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ScottyMacEsq, Attorney
Category: Legal
Satisfied Customers: 16332
Experience:  Licensed Texas General Practice Attorney
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I want to be able to pay for my education through my business,

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I want to be able to pay for my education through my business, thus be a tax deduction. The education I receive (a full degree program) is related to my business and will help me to grow my business. How may I best structure/organize my business (not formed yet) to benefit from tax deductions for my personal education.

Also, how may my business receive a tax deduction to pay for others' education if they contract to work in my business for a given amount of time?

ScottyMacEsq :

Thank you for using JustAnswer. I am researching your issue and will respond shortly.

ScottyMacEsq :

If you otherwise qualify, you can do this in a sole proprietorship as a business expense in schedule C. It can still be a business expense if you have an LLC, etc... but if your program is one of reimbursement, the maximum that you can reimburse an employee is $5,250 without it being taxable to the employee.

ScottyMacEsq :

Businesses must pass four tests that the IRS uses to determine tax break eligibility for tuition reimbursement. The first test requires that "the program benefits employees who qualify under rules set up by you that do not favor highly compensated employees." Companies with a collective-bargaining agreement for some employees must be careful that these workers are not excluded unless it was part of its bargaining. The second test must ensure that shareholders and owners do not derive more than 5 percent of its benefits for the year. The third test forbids employees from having the option to "...choose to receive cash or other benefits that must be included in gross income instead of educational assistance." The fourth test requires that eligible employees receive reasonable notice of the program.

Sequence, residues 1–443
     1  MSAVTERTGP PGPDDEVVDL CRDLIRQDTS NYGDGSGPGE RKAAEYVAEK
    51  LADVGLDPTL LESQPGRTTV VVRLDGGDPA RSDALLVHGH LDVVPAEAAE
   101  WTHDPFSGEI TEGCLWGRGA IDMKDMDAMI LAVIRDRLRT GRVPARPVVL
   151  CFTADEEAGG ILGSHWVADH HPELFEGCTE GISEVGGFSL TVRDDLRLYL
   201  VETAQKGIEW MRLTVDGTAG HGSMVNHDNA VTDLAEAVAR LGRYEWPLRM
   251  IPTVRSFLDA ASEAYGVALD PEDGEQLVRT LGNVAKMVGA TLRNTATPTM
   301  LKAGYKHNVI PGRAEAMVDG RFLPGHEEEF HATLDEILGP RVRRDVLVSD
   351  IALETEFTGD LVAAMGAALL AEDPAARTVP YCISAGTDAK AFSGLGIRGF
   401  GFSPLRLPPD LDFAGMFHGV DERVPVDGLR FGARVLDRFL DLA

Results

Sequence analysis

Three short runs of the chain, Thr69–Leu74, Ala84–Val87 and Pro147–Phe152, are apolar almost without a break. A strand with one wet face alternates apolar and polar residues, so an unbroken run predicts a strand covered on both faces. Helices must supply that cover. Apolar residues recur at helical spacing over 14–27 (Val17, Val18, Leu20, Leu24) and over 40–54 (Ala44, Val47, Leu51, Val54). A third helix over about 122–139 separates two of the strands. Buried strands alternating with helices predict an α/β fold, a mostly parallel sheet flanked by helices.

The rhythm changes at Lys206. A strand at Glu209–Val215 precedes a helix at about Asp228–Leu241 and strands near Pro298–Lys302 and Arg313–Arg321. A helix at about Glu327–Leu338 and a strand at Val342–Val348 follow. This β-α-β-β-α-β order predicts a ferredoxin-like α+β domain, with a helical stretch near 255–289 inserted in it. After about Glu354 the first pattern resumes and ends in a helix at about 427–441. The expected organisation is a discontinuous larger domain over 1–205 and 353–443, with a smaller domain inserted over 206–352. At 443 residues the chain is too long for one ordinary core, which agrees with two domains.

ScottyMacEsq :

An educational expense will qualify if it meets either one of two tests. First test: The expense maintains or improves skills that are required in your employment or your current trade or business. Treas. Reg. § 1.162-5(a)(1). Examples include negotiation seminars for a salesperson, employment law or employee benefit seminars for HR managers, and finance courses for bookkeepers. Second test: The expense meets the express requirements of your employer or of applicable law or regulations, imposed as a condition to the retention of your employment, status, or rate of pay. Treas. Reg. § 1.162-5(a)(2). Examples include update courses required to maintain a law or accounting license, police marksmanship courses, truck driver transportation updates, etc.

ScottyMacEsq :

So if you're going to be paying for others to get education, it would best to have an LLC, and deduct it from that. If it's just you, it doesn't really matter the structure, so long as the education is related to your business. Here's a good article on the matter:

ScottyMacEsq :

Hope that clears things up a bit. If you have any other questions, please let me know. If not, and you have not yet, please rate my answer. Please note that I don't get any credit for my answer unless and until you rate it a 3, 4, 5 (good or better). Thank you, XXXXX XXXXX luck to you!


Wow. This gets complicated. And thanks for opening my eyes to the variables. I will let my accountant work this out. For now, it gives me a direction. Thanks much.

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